Who is the Colorado Criminal Justice Reform Coalition?

Our mission is to reverse the trend of mass incarceration in Colorado. We are a coalition of nearly 7,000 individual members and over 100 faith and community organizations who have united to stop perpetual prison expansion in Colorado through policy and sentence reform.

Our chief areas of interest include drug policy reform, women in prison, racial injustice, the impact of incarceration on children and families, the problems associated with re-entry and stopping the practice of using private prisons in our state.

If you would like to be involved please go to our website and become a member.

Sunday, February 15, 2009

Colorado Drug Prohibition: Good Public Policy?

The Examiner

By Frosty Wooldridge

Howard Wooldridge rode his horse from Savannah, Georgia to New Port Beach, Oregon to become the first man in the 21st century to ride coast to coast across America. He repeated the journey in 2005 to become the only man in history to ride both ways.

Why did he gallop across America? As a police officer, he attempted to stop the futile “War on Drugs” dragging on for the past 35 years.

War on Drugs! How is that working for us in Colorado? Is it reducing crime? Is it reducing rates of death and disease? Is it effective in keeping drugs and drug dealers away from our children? Since 1971 law enforcement has spent one trillion dollars in order to arrest 37 million people and fill hundreds of warehouses with dope. What progress do you see? Unfortunately, drugs prove cheaper, stronger and much easier to find and buy.

My brother, Officer Howard Wooldridge, fought on the side of the ‘good guys’ for 18 years in the War on Drugs, giving him a lot of actual experience in the trenches. After much time, consternation and out-and-out frustration in not achieving a single, stated goal in the long term, he came to the conclusion that we must be doing something wrong. No matter how many dealers police took off the streets, new ones popped up to take their places. The prices for drugs kept falling, indicating an oversupply. The purity kept increasing; heroin increased from 3.6 percent to near 50 percent purity between 1980 and 2007. The prison population kept increasing until over 70 percent of all inmates stem from drug-related charges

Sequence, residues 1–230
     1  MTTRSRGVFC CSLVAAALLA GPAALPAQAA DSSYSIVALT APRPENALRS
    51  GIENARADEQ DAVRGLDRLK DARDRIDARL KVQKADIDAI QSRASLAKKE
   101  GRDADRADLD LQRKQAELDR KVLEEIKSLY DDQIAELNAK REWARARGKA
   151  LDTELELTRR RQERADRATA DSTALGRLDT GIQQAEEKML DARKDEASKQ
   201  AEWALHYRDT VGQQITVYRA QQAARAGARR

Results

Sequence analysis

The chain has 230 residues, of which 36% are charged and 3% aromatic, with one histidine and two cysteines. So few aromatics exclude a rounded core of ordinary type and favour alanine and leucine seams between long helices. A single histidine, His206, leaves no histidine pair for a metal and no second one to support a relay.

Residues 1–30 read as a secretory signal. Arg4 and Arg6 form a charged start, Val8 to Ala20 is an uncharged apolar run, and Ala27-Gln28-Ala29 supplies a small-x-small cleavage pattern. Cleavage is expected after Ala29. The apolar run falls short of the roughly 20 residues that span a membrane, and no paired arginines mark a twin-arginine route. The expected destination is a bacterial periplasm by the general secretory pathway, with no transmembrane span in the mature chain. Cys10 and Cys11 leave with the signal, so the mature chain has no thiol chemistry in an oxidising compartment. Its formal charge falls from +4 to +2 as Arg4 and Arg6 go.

Anonymous said...

Its very obvious we need to legalize drugs and tax them like we have tobacco. Use the taxes for mental health, treatment centers and education. Seems like a correct policy as it would also close prisons all over the country and specially Colorado. djw

Anonymous said...

What and put all of those corrections people out of work and drop one of the only stocks that rises every day...the stock in CCA and GEO??? Common sense has no place in government! That's been proven over and over again!

Andrew Oh-Willeke said...

Vice generally tends to be bad for the neighborhood, even if making it illegal everywhere is bad policy. Hence, the NIMBY politics that push for prohibition since no one wants it in their neighborhood.

Strip clubs and bars are also often bad neighbors.

But, it is an issue where local control and isolated islands of legality would undercut the harm of unregulated black markets.

Perhaps we need legal opium dens in select industrial areas, with FDA type purity control, and mandatory cab service home for patrons. Addicts would still destroy their lives, but the rest of us would be spared the drug deals gone bad, erratic drug addled drivers and impure/OD drug deaths.

Anonymous said...